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Old 12-17-2005, 03:48 AM   #1
Brewmaster-D
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Default Conditioning cider?

Hello all

I have seen some posts mention the idea of conditioning cider. I am new to cider brewing, I was wondering if someone can add some details to what the purpose of conditioning cider is? I am assuming it is akin to keeping a beer in the secondary fermenter to let it 'age', but flavour-wise, what does the conditioning do? Does it let for example an acidic feel, mellow out, over time?

I just came off brewing my first batches of cider. I did 3 different types ; regular ; berry-flavoured (using a bag of frozen berries) ; and a 14% juiced up cider. All came out tasting very dry, though quite nice, I must say . One of the complaints was that the cider was too dry. Besides using a non-champagne yeast, could any wine-additives be added in the secondary fermenter to quell some of the acidity?

Thanks in advance

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Old 12-17-2005, 03:35 PM   #2
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I've found my ciders are better after a month or so, more if there is any honey in it. You could sneak in some lactose to sweeten the cider or use campden tablets to stop the ferment. Please note that some members consider it criminal to not ferment every gram of sugar in a batch.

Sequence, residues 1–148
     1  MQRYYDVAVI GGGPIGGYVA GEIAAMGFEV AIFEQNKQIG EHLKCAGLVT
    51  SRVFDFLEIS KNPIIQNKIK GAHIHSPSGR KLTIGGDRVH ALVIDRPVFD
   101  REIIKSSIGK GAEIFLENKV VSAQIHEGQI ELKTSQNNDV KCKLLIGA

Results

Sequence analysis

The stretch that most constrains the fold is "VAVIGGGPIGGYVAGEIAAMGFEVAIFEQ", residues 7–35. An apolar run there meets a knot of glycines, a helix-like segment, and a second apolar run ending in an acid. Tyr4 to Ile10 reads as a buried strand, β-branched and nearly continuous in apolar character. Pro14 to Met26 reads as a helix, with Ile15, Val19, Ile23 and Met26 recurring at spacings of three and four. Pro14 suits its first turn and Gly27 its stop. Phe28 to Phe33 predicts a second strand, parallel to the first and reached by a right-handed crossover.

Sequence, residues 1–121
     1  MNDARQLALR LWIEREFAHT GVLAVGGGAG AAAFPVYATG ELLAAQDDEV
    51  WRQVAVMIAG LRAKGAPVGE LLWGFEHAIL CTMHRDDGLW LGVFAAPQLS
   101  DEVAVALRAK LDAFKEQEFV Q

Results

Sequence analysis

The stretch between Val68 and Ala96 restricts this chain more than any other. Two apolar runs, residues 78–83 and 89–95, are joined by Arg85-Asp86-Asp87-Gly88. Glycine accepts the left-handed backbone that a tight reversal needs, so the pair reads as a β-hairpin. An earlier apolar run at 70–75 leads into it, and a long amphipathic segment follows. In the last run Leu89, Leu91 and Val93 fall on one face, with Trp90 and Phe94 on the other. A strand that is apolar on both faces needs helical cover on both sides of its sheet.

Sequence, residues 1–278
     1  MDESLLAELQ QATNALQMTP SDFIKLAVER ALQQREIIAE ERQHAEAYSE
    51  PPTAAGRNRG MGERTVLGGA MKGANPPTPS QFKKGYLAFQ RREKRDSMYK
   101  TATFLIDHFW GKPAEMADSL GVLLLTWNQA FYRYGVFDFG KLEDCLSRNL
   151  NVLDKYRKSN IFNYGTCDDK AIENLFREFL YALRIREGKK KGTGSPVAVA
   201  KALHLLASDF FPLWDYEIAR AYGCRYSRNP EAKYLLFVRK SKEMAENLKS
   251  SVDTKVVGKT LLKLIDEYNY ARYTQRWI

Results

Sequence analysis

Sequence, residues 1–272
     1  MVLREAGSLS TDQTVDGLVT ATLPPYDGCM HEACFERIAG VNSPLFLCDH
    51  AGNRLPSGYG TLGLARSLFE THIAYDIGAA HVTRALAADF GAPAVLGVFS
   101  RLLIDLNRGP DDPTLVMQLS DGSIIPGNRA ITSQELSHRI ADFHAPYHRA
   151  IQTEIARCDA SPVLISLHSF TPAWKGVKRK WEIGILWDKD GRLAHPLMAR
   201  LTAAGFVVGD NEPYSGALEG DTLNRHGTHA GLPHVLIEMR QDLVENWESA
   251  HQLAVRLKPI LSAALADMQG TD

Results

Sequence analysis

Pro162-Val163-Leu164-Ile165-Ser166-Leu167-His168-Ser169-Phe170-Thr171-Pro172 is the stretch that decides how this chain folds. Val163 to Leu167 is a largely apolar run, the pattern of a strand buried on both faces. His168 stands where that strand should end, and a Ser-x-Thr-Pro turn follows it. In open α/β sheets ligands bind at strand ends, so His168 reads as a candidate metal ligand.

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Old 12-18-2005, 12:17 AM   #3
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I'm just getting into cider making too...Dont confuse conditioning with maturing, the conditioning period of a beer/cider is the period it takes to naturaly carbonate. Maturing is the period where flavours mellow or develop to bringing out the best possibles flavours of a certain brew.

As a compitent beer maker but rookie cider maker, I reckon its possible to find a yeast that will produce a sweet cider without lactose or artificial sweetners.

(A champagne yeast will ferment more sugars than a regular wine yeast and therefore produce a dryer beverage).

I have a friend who produces fantastic cider and uses the natural yeast that occurs on apple skins, infact he adds nothing at all to his brew except apples. He changes his brew by changing the type of apple used but refuses to give away his secrets (presonaly I reckon there is no secret just good fortune and good ingredients).

I reckon the trick to cider making is avoid adding sugar and if you want a sweet cider avoid champagne yeast and if you want a cider with a really high alcohol content boil down your apple juice and concentrate the sugars.

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